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United States v. Martinez

United States District Court, D. South Dakota, Northern Division

May 25, 2016

UNITED STATES OF AMERICA, Plaintiff,
v.
JASON MARTINEZ, Defendant.

          OPINION AND ORDER

          CHARLES B. KORNMANN, United States District Judge.

         INTRODUCTION

         Defendant was charged by indictment on January 21, 2016, with the crimes of aggravated sexual abuse, kidnapping, assault with a dangerous weapon, and assault resulting in serious bodily injury. He entered an initial appearance on February 4, 2016. The jury trial was initially scheduled for April 12, 2016. On March 30, 2016, the government orally moved for a continuance of the trial. The motion was granted, over the objection of the defendant, on the basis that the interests of justice are served by a continuance to allow the F.B.I, laboratory to complete forensic testing of evidence. The trial was continued to July 12, 2016. Thereafter, defendant filed a motion to dismiss the indictment on the basis that the defendant was not brought to trial within 70 days as required by the Speedy Trial Act, 18 U.S.C. § 3161.

         DECISION

         I. Speedy Trial Act.

         The Speedy Trial Act requires in this case that the defendant be brought to trial within 70 days after his initial appearance. 18 U.S.C. § 3161(c)(1). Certain periods of delay are excluded in computing the time within which the defendant must be brought to trial. 18 U.S.C. § 3161(h).

Among the statutorily approved reasons for days to be excluded from the speedy-trial calculation is an "ends-of-justice" continuance: A trial may be delayed if a district court finds the ends of justice so require and "sets forth, in the record of the case, either orally or in writing, its reasons for finding that the ends of justice served by the granting of such continuance outweigh the best interests of the public and the defendant in a speedy trial." 18 U.S.C. § 3161(h)(7)(A).

United States v. Adejumo, 772 F.3d 513, 521 (8th Cir. 2014). A defendant's consent is not required for the court to make a finding that the ends of justice are served by a continuance. United States v. Jones, 795 F.3d 791, 798 (8th Cir. 2015). The Speedy Trial Act prohibits an ends of justice continuance solely "because of... lack of diligent preparation ... on the part of the attorney for the Government. § 3161(h)(7)(C)." United States v. Villarreal, 707 F.3d 942, 953 (8th Cir. 2013). "A defendant has the burden of proof to show that his statutory right to a speedy trial has been violated." United States v. Williams, 557 F.3d 943, 950 (8th Cir. 2009).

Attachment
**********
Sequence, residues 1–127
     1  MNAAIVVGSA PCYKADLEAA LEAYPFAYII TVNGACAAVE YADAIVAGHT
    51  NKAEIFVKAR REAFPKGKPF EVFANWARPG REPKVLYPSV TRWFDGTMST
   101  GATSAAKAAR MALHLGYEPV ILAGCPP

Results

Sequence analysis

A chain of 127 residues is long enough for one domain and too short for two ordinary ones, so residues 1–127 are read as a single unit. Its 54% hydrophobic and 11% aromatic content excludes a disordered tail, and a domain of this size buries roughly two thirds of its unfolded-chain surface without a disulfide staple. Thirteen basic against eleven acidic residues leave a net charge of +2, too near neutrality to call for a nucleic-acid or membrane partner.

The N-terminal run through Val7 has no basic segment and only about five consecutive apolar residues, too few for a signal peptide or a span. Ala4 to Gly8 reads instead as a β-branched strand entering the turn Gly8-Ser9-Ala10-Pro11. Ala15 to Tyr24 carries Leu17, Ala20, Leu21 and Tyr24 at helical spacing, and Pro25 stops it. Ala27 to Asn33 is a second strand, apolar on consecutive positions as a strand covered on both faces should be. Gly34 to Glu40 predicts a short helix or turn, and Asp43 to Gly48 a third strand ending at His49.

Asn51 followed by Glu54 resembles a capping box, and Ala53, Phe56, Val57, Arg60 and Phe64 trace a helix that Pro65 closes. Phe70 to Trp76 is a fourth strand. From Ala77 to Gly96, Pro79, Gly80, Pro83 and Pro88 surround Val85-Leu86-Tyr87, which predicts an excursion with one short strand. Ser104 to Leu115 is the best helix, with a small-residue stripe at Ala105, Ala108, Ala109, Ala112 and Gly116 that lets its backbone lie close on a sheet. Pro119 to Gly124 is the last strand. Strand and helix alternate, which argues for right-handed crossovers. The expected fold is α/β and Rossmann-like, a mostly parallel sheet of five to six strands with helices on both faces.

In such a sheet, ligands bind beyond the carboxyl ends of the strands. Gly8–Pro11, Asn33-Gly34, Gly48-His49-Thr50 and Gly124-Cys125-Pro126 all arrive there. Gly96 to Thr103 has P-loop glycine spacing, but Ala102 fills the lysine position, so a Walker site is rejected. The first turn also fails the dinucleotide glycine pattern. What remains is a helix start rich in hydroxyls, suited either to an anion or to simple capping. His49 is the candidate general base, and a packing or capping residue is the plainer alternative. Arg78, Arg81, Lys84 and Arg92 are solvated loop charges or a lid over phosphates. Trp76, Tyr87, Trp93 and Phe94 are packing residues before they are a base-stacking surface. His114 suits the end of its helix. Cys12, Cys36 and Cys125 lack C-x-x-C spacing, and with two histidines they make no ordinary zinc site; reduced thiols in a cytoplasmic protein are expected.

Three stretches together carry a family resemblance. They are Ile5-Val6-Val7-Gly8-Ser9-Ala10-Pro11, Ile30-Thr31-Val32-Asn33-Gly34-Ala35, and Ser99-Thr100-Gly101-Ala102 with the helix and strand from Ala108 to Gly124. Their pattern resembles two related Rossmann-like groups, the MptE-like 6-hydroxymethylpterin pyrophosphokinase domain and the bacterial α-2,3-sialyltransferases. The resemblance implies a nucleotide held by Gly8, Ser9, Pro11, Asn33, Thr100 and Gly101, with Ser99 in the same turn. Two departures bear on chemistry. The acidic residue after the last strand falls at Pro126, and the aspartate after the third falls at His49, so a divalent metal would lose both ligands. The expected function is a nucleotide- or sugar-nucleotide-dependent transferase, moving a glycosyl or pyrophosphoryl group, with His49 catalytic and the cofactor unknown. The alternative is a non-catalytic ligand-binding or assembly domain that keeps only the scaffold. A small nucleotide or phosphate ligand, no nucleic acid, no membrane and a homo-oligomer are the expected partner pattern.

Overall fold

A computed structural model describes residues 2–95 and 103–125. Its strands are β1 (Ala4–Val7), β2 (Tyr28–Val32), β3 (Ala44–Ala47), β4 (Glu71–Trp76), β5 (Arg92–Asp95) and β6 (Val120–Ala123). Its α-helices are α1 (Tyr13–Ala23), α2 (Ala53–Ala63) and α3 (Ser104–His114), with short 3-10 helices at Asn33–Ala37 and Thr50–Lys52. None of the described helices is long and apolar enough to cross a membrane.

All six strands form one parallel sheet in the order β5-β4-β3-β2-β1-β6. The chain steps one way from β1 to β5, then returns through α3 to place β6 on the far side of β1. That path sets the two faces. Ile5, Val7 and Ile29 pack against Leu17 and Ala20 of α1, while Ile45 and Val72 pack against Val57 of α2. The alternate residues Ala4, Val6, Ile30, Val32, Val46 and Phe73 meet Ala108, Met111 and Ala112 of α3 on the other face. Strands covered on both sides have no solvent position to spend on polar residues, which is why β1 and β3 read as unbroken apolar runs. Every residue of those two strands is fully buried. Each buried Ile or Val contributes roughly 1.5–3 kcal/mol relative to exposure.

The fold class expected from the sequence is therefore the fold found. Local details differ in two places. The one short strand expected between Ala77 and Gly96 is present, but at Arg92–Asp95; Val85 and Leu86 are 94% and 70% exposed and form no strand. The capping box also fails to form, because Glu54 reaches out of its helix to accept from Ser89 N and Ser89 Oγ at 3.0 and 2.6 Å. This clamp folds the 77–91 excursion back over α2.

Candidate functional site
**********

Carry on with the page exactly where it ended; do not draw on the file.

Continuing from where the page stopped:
The alleged offenses in this case occurred on December 9, 2015. Over 60 pieces of evidence, including a wet mop that may have been used to mop up blood from the floor, were collected on December 9 and 10. The mop head had to be dried consistent with F.B.I, protocol prior to shipping the evidence for testing. On December 28, 2015, the evidence was sent to the Minneapolis F.B.I, office. On January 4, 2016, the items reached Minneapolis. They were mailed to the F.B.I. Laboratory in Quantico, Virginia, on January 6, 2016.

         According to the prosecutor, the F.B.I. Laboratory conducts analysis of evidence in a specific order so as not to lose any evidence. Trace evidence is tested first and usually takes 30 days to conduct. DNA evidence is next tested and usually takes 60 days to conduct. Testing for latent prints and shoe prints are conducted after DNA testing. According to the prosecutor, shoe print testing takes 180 days to conduct.

         This case was assigned to the Honorable Roberto Lange at the time of the hearing on the motion to continue. Judge Lange held that the government "has acted expeditiously in collecting the evidence - and once the mop head was dried out - sending it on to the FBI office and in turn to the lab." Judge Lange concluded that "the ends of justice are served by allowing the analysis of the evidence to be completed ... a continuance of the trial by a period of... 90 day[s]... would serve the public interest in actually allowing analysis of the evidence to determine ... if there is evidence of the defendant's guilt or evidence that exculpates the defendant."

         The record in this case supports a finding that the delay in testing was not "unreasonable or indicative of a lack of diligence." See United States v. Villarreal, 707 F.3d at 954. I find that the period of delay caused by the government's motion to continue is excluded from computing the time within which the trial in this case must commence and that the defendant's statutory right to a more speedy trial was not violated.

         II. Constitutional Right to a Speedy Trial.

         The Sixth Amendment to the United States Constitution guarantees an accused the right to a speedy trial. The United States Supreme Court has identified four factors the lower courts should assess and balance in determining whether a particular defendant has been deprived of his speedy trial right: "Length of delay, the reason for the delay, the defendant's assertion of his right, and ...


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